You’re probably aware that the older brother of Cycle EXIF is a motorcycle blog called Bike EXIF, a profile of the world’s best classic, custom and vintage motorcycles. It’s only because of that exposure to custom bobbers that I took a second look at the gold and silver show pony that popped up in my inbox. And boy, am I damn glad I did. A complete departure from mail order lowriders with twisted struts and 140 spoke rims, the time and effort put into this project by everyone involved has elevated this bike from raw materials into a machine that’s not just ridden, it’s venerated.
It’s almost worth posting a photo of a 60s Show Triumph to give you a better idea of how close this bike is to it’s inspiration. But I won’t, have a look at this one for a good idea.
Underneath the Pagan Gold and (real) silver foil paint is a fabricated 1960 Schwinn Corvette frame with a solid steel ‘tank’ that’s been reinforced with fiberglass. Corey Conyers of Crown Customs in Wichita, Kansas was responsible for the fab work, and the paint was applied by TMarkus Designs of North Hollywood. The saddle’s a bespoke upholstered Brooks that’s been foamed and sewn by Rob Bryant of One Too Many Designs. Rob’s created over 100 seats for West Coast Choppers, and he hasn’t put any less effort into this one, just because it’s for a bicycle. It’s stitched with gold leather and fastened with aircraft rivets. Good to see some old school BMX parts in the mix as well, with a Proline post and a smoothed and polished Redline clamp.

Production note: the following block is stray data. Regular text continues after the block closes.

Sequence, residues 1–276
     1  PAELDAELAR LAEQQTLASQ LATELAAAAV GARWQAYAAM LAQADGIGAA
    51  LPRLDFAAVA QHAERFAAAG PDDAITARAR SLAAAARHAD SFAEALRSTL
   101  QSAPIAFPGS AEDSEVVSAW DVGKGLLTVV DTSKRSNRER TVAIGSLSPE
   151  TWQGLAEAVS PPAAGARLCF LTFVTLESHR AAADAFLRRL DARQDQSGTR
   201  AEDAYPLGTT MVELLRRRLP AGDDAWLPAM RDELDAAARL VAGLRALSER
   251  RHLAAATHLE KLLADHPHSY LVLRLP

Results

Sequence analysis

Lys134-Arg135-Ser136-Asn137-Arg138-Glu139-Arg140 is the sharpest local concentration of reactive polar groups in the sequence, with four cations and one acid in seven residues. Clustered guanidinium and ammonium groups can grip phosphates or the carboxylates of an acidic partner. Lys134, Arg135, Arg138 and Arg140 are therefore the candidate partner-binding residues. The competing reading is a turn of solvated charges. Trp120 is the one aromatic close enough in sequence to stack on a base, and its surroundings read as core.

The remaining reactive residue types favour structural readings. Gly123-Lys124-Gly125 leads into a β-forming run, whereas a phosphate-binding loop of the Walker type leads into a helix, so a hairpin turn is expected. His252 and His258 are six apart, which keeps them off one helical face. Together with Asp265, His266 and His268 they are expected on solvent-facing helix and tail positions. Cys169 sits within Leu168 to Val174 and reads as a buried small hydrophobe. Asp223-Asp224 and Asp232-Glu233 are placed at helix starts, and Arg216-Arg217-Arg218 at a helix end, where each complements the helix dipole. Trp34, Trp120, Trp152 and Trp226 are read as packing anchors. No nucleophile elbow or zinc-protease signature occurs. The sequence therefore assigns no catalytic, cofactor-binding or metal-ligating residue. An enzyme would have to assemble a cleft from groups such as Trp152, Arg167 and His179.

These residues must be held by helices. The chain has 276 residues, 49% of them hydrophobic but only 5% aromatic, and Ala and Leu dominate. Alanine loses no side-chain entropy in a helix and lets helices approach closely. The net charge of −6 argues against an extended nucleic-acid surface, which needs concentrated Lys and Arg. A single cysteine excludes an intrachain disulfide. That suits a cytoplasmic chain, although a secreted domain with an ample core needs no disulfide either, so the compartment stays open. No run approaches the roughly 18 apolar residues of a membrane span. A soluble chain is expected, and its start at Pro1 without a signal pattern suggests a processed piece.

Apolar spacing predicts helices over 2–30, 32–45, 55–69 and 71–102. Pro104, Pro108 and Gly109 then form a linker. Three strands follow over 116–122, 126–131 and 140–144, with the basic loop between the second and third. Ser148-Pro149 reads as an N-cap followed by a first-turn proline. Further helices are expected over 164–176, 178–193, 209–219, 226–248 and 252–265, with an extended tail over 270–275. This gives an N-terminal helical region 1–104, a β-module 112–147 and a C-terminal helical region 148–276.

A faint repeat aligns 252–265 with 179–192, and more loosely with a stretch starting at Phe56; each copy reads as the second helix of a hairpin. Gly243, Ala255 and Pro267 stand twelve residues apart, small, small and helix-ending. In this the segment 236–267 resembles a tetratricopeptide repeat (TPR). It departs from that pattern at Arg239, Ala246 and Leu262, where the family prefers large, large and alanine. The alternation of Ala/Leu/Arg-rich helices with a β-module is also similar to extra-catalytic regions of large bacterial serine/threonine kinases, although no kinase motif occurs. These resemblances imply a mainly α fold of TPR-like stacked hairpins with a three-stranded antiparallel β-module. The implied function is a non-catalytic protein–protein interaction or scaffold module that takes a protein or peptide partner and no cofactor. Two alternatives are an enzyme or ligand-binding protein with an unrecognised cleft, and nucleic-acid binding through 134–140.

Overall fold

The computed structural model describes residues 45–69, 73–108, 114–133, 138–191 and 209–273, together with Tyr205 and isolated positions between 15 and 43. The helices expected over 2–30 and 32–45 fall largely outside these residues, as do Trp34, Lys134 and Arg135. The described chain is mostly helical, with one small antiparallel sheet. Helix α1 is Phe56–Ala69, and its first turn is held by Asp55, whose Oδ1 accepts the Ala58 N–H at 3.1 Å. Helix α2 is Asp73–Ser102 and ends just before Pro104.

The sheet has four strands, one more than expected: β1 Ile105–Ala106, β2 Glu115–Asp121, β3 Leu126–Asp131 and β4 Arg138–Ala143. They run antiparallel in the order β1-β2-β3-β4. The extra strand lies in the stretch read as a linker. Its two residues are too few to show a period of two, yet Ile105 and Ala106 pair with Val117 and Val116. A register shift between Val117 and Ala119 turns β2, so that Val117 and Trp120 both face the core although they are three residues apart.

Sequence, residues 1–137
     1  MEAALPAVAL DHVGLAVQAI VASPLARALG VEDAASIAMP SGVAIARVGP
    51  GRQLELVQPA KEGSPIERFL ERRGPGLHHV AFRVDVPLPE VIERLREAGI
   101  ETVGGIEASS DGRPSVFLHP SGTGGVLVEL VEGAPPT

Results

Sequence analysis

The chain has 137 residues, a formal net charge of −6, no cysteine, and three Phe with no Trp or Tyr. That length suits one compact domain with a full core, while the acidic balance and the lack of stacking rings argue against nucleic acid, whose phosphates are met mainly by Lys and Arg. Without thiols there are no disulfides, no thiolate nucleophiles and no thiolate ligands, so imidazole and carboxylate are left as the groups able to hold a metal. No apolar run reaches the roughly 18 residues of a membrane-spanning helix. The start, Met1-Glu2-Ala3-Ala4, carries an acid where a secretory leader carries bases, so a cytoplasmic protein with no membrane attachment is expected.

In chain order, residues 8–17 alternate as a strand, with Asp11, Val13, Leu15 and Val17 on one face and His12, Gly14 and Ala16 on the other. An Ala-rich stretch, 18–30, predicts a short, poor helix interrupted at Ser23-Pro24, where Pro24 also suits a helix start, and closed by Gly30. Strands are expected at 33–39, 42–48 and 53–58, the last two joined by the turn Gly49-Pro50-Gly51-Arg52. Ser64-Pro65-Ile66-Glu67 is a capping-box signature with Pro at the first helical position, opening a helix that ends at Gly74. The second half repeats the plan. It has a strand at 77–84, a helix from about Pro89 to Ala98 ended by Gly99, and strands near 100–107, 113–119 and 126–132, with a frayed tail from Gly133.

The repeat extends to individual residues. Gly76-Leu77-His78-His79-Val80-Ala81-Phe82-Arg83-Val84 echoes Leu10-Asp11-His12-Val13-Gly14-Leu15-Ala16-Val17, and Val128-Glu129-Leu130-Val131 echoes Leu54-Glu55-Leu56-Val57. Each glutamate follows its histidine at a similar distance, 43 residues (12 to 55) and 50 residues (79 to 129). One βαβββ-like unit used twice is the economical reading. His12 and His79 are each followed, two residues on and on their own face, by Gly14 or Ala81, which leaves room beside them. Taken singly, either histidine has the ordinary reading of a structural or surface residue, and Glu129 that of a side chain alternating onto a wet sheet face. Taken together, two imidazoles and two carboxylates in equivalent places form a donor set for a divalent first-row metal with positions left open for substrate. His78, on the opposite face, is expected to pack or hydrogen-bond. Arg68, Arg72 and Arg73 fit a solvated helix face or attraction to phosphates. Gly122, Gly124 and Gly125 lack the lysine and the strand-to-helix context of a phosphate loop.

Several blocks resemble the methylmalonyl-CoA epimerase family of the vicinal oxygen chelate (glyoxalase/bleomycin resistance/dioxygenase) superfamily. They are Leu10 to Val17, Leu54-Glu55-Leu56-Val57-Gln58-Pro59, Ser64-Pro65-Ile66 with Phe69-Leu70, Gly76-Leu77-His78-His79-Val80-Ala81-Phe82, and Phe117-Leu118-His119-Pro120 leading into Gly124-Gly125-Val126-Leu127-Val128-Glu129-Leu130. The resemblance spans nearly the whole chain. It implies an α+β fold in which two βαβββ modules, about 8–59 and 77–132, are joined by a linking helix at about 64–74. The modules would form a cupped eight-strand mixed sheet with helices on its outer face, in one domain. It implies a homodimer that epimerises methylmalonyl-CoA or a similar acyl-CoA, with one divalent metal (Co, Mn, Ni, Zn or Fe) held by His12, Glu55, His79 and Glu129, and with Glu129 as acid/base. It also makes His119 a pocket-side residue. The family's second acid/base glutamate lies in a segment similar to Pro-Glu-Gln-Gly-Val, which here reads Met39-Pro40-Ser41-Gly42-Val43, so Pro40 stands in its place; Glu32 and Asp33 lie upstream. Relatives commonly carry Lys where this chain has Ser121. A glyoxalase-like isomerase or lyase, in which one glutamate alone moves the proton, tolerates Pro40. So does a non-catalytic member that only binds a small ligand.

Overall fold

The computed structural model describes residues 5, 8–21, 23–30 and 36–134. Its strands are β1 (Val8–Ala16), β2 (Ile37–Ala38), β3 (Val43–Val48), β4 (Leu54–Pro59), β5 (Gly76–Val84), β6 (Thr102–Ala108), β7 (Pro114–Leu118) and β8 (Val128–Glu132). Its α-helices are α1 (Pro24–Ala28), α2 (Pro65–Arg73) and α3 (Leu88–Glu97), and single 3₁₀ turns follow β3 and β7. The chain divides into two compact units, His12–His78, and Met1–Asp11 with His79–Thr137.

In line with the chopped and bobbed look, it’s got a 24” rear wheel and a 26” front. There’s a Schwinn Truck hub in the front and a Bendix coaster brake hub in the rear. Which, you should know, is the best hub for skids. The front’s held on with a J C Higgins / Elgin springer fork, so that’s solid enough. Schwinn Phantom goose neck, and get this, you’re holding on to a set of custom milled maple grips. They’re Felt cranks with aftermarket drillium, however I don’t believe the point is saving weight. And good spotting, they’re polished MKS track pedals. Every time I look at this bike I see something new, check out the socket axle pegs.
After the comparison is made, it almost feels like the one missing element is a 50cc engine. But then, if you followed it through to it’s logical conclusion, you would actually end up with a 60s style Show Triumph. So let’s leave it as an immaculate bicycle. This bike is a real tribute to the skills of everyone involved. Especially the boys at Vern’s Plating, who did all the chrome and, last but not least, Blake Adams of Road Kandy, who co-ordinated the entire project. No wonder it won 1st place in the Non Motorized Class at the 2009 Grand National Roadster Show.